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Chicago Pride Parade steps off for the first time since 2019 amid concerns over future of LGBTQ+ rights

Dia Gill and Adriana Pérez, Chicago Tribune on

Published in News & Features

CHICAGO — With rainbow flags adorning the streets around Montrose Avenue and Broadway Street and rainbow-clad people staking claims to sidewalk spots near colorful floats, it became official: The annual Chicago Pride Parade was back.

The parade was canceled the past two years due to COVID-19 restrictions. But at noon Sunday it returned, stepping off in the Uptown neighborhood. It will end at the corner of Diversey Parkway and Sheridan Road in Lincoln Park, traversing its traditional route along Broadway and Halsted Street.

“People keep telling me how excited they are,” Tim Frye, the parade’s organizer, said in an interview with the Tribune before the parade. “After a while you say, ‘Yes, they’re just being nice’ — but I don’t think that anymore. I think it’s a very real thing,”

Near the parade’s start, numerous vendors were selling rainbow flags, souvenirs, food, and other refreshments, while cafes in the area filled up with parade-goers stocking up on caffeine and water in anticipation of the parade kickoff.

Organized Chaos, a women’s motorcycle group based in Chicago, is one of the groups riding in the parade. Kala Cullaras, 32, a member, was most excited for the “energy” and “liveliness” of the parade. For Cullaras, celebrating Pride is one of the few spaces where one can “truly express as (their) authentic self and be who (they) really were intended to be as opposed to trying to fit into a very monotone world.

“It’s always so moving and touching,” she said. “I end up in tears usually, because it’s such a momentous occasion that we get to embrace this brave space in spite of everything happening around us, that we’re still here and vibrant and just a colorful as usual, and not being muted or suppressed or anything. We are who we are.”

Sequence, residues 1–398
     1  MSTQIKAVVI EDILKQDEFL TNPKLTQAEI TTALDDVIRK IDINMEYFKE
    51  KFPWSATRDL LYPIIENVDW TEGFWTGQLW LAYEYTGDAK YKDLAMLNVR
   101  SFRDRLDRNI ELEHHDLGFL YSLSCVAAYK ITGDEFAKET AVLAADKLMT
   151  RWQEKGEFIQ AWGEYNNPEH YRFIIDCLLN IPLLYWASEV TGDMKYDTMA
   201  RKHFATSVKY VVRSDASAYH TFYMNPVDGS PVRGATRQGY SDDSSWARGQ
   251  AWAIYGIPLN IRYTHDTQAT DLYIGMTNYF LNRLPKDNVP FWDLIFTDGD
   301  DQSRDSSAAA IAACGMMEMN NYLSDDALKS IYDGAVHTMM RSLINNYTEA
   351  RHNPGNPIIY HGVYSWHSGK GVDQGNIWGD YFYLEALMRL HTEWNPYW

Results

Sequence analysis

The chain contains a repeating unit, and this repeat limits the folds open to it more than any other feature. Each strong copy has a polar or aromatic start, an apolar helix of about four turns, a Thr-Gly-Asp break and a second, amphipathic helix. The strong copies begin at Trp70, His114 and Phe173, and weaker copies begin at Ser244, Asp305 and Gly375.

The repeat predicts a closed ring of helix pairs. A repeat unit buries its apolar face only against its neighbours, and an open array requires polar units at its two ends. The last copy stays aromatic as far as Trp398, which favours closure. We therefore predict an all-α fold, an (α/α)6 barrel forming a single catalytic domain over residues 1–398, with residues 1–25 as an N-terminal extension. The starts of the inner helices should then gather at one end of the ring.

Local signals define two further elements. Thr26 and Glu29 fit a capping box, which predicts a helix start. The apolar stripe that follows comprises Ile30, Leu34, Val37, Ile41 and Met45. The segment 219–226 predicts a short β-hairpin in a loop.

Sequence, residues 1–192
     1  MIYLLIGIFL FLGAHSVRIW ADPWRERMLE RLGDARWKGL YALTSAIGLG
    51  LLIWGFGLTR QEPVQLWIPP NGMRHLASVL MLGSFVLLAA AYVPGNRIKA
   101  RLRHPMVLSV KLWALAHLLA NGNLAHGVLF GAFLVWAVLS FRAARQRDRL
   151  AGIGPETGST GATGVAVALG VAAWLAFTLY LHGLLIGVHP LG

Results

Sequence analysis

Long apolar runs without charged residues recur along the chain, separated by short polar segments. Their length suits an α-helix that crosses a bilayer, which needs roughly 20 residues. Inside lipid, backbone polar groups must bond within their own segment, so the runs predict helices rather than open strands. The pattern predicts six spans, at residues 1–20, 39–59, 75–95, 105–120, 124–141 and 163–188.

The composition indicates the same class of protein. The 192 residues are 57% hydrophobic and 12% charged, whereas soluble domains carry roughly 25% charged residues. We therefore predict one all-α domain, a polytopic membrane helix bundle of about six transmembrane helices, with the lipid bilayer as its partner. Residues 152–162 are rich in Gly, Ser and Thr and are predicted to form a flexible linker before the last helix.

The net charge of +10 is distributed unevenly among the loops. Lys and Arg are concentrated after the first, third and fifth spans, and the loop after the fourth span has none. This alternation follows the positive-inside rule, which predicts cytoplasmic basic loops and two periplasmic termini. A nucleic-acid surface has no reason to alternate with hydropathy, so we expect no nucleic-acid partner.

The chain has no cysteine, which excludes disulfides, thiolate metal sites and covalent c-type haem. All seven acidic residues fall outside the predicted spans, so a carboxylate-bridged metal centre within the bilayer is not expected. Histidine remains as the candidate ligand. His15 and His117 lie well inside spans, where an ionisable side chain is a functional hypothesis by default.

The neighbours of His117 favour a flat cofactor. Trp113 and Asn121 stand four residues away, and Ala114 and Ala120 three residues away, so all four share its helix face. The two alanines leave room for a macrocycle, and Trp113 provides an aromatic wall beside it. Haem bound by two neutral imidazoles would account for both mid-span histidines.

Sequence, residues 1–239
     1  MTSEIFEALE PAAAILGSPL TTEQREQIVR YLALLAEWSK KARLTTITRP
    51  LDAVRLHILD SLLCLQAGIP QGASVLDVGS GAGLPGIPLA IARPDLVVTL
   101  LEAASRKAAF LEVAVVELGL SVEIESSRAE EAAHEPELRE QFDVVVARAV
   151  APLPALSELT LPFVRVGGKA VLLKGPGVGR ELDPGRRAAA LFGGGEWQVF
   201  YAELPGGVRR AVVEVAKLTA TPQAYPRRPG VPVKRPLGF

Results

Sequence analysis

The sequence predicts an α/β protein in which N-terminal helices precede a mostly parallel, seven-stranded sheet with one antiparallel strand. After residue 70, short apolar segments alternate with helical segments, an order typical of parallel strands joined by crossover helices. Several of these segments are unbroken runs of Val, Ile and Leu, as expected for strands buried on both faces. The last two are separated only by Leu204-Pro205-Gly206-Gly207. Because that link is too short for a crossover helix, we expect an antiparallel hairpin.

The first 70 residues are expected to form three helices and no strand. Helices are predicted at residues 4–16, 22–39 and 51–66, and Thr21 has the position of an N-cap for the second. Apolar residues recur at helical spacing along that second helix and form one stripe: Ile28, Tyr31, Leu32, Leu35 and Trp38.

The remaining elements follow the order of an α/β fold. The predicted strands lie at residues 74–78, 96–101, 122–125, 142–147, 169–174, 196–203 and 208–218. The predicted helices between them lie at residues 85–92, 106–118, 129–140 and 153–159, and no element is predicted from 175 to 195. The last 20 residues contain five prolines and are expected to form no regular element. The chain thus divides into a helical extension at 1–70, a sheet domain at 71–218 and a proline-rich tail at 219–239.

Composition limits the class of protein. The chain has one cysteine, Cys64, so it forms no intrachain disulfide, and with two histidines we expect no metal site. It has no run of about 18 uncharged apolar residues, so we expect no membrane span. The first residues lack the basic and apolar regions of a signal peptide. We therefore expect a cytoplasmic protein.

Parade-goers also reflected on the political moment during which the parade was taking place this year, as the country continues to react to a Supreme Court decision Friday overturning Roe v. Wade and concerns mount over the future of other rights that could challenged, including those impacting the LGBTQ+ community.

In Florida, legislators successfully banned instruction on sexual orientation and gender identity in kindergarten through third grade in March with the “Don’t Say Gay” bill. Legislation in Texas has sought to criminalize parents who allow their children to seek gender affirming treatment.

Garrett Credi, 20, who was celebrating pride with his boyfriend and friends, expressed hope that parade-goers be able to find joy in pride despite heightened tensions and anxieties due to the Roe v. Wade overturning.

“I’m not somebody with a uterus so I can just (come) out here and celebrate,” Credi said. “But there are people that are having to deal with the reality that their bodies aren’t going to be controlled by themselves anymore, so having that in the context, it’s going to be a different Pride. I don’t know how that’s going to turn out, but hopefully it will turn out for a way for people to feel like they have agency and some way to have fun at a time like this.”


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